remedy? rusting rescue knife

I have a Bearclaw knife on my PFD – perfect for me in every way except that it’s rusting. I love the small size, blunt tip, finger hole at the root of the blade to give me a good grip, curved serrated blade. It’s there for one thing only – to cut through lines in case of entanglement. It’s stainless steel, it cost me almost $40, but it’s rusting! I am now taking the knife out of the sheath after each time I have rolling and rescue practice – trying to let it dry thoroughly and the sheath also. I rubbed a little machine oil on it to try to prevent rust. Just bits of rust here and there but I don’t want them to spread to the serrations on the blade.

Questions: How should I remove the small spots of rust? Emeryboard? Sandpaper? I have scraped a little off with my thumbnail but not all will come off.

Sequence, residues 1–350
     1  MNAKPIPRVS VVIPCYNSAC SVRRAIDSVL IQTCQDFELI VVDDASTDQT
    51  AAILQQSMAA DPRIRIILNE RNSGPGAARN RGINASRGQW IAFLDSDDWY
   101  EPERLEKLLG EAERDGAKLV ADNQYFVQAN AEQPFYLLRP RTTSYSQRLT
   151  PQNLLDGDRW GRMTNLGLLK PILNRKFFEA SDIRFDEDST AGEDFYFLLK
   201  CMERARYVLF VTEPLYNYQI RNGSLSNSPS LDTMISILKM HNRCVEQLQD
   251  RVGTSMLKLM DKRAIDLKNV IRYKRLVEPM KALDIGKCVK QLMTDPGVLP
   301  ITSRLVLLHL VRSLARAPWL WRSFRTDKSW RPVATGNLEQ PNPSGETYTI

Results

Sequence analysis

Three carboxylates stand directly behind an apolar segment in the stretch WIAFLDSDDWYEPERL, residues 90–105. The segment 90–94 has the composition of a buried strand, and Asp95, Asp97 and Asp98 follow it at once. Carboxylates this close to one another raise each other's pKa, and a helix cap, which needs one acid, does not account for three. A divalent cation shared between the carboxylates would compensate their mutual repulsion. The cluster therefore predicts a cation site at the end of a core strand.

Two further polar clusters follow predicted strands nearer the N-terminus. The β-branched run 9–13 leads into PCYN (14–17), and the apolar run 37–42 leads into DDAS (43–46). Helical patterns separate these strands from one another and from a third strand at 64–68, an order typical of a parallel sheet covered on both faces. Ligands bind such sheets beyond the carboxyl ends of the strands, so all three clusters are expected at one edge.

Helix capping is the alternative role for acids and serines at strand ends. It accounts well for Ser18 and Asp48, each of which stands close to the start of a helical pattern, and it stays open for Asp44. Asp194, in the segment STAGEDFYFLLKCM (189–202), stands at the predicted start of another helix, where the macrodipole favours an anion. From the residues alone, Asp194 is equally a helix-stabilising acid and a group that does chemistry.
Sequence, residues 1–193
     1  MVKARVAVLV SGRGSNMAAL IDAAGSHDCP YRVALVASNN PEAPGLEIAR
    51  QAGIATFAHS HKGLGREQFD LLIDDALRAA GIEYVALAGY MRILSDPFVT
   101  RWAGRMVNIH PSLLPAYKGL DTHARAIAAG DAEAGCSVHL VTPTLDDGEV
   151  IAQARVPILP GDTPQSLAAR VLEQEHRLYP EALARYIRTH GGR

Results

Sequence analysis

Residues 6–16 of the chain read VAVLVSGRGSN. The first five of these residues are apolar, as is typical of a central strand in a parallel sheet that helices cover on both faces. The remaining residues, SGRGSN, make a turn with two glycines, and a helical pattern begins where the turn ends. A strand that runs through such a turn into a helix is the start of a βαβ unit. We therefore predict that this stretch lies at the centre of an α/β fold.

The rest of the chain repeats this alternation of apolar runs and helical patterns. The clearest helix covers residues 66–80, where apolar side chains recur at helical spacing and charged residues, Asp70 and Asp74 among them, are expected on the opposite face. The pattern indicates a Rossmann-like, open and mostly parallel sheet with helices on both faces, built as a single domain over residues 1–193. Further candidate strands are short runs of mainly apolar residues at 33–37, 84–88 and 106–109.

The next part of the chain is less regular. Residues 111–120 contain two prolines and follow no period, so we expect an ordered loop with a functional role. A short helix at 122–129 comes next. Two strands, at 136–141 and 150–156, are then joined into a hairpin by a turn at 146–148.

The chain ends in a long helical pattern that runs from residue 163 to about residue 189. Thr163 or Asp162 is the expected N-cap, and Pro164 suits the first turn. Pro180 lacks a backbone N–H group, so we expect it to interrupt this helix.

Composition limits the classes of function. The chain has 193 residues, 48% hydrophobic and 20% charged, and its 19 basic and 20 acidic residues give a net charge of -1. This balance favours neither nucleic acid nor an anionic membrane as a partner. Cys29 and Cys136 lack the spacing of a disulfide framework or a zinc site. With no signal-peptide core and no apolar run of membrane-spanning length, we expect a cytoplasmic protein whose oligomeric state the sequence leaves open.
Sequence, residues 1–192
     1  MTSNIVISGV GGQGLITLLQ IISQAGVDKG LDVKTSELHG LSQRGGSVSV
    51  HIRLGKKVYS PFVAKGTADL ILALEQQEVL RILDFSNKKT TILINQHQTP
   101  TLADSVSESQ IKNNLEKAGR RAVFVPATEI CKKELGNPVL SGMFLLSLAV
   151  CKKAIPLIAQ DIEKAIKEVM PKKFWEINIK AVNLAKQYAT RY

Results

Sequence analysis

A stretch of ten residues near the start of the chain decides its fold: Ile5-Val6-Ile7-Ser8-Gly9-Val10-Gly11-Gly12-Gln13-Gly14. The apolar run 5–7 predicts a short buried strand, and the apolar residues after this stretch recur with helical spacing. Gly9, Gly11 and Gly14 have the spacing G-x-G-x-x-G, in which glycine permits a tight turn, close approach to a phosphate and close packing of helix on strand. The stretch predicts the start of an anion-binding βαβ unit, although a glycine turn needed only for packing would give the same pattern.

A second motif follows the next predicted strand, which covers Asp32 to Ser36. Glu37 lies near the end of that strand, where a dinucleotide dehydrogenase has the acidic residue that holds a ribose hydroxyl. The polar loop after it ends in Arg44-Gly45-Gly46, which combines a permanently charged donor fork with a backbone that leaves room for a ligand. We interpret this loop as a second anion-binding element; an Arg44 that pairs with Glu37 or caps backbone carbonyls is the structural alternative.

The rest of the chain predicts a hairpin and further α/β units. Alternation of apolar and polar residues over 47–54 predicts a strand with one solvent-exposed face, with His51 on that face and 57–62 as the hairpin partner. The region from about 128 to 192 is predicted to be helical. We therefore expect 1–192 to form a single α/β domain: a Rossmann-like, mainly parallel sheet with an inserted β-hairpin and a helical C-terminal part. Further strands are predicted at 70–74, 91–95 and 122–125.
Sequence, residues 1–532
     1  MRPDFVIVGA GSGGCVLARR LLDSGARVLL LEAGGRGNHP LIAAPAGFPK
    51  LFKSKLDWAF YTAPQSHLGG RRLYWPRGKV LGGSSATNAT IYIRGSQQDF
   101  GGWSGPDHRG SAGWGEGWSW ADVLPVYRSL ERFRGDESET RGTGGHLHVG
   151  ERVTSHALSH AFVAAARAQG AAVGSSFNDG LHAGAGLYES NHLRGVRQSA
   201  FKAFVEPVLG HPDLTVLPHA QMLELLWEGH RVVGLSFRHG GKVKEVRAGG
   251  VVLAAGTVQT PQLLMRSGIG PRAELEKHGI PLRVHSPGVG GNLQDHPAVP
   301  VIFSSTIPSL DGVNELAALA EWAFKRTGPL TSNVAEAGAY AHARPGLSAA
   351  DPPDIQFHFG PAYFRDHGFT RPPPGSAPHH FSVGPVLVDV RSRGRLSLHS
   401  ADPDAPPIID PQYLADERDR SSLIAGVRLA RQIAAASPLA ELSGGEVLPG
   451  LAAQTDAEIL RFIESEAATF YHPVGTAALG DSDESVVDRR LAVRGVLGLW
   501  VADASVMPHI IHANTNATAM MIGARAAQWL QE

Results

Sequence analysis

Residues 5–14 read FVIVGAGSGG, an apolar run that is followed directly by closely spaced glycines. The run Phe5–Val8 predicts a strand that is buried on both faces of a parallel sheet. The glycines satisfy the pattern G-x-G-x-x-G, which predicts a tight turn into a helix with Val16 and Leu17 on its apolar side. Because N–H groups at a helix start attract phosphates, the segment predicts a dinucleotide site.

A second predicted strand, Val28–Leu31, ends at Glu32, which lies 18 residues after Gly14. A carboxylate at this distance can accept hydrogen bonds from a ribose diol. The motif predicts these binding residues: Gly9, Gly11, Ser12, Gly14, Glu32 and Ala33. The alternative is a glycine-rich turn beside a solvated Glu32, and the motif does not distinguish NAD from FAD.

Anything else I can do to prevent further rust?

I know there have been about a thousand knife threads on this forum. I tend to ignore them because I don’t want a big honking knife that costs $200. And I thought I had found the perfect knife for me. Guess not – not the greatest steel in this thing.

G in NC

As divers did to their knives for years
before titanium knives came on the market - always keep a light layer of silicone spray on your knife. Or better yet, get a titanium knife. Prices have plunged as more and more titanium knives have been released on the market. They are lighter, stronger, and don’t rust. Try

two good ideas in one post!
Thanks, RM. I’ll get silicone spray and I’ll look at that web site. Didn’t know titanium knife prices had come down. G

Try Steel Wool For Cleaning
Also cleanser (Scouring powder) for polishing.

Got tired of finding rusted out knives in my PFD and got a titaniun one. Even the dive knives rusted

years of destroying many “stainless” steel dive/paddle knives, I’ve given up and bought an NRS titanium pilot knife also comes in the shorter co-pilot version No more rust issues.